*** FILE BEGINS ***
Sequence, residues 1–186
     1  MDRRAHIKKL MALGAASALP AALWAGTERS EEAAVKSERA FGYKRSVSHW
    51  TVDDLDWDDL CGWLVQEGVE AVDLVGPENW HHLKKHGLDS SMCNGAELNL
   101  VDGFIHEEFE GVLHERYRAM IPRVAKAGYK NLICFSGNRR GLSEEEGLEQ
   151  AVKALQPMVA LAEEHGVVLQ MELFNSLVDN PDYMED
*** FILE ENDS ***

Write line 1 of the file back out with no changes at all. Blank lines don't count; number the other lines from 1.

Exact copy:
Sequence, residues 1–186